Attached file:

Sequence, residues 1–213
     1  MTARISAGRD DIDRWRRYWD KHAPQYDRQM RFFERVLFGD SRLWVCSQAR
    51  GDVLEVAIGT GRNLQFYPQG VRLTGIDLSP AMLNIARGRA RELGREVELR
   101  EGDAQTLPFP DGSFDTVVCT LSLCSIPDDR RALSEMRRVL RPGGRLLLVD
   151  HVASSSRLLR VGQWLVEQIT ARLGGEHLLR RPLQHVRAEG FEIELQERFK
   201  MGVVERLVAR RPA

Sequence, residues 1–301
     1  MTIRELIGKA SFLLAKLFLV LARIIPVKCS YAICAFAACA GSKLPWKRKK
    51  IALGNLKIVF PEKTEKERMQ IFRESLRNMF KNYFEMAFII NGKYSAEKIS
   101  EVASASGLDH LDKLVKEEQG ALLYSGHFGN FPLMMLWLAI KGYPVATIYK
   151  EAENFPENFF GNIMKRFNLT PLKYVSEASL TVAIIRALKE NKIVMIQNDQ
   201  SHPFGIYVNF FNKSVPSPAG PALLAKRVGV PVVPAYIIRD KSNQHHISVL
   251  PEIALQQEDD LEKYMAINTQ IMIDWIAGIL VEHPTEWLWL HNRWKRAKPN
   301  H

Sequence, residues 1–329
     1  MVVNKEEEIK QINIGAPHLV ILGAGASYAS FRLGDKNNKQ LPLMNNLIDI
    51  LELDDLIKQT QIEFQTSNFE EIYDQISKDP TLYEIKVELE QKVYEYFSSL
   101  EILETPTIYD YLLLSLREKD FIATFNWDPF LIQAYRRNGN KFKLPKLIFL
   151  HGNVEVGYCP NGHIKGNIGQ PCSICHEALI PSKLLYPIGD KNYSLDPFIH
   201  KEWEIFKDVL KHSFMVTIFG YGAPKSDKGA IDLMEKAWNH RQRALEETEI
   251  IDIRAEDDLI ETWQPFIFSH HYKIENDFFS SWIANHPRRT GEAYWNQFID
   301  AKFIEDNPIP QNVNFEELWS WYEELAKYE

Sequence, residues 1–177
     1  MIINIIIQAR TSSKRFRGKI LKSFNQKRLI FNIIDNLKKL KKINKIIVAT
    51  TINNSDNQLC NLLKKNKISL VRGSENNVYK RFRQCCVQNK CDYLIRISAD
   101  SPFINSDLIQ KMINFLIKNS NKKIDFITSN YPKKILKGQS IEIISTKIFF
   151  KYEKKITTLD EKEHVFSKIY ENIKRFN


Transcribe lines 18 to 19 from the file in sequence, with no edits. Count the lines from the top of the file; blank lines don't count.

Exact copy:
   101  EILETPTIYD YLLLSLREKD FIATFNWDPF LIQAYRRNGN KFKLPKLIFL
   151  HGNVEVGYCP NGHIKGNIGQ PCSICHEALI PSKLLYPIGD KNYSLDPFIH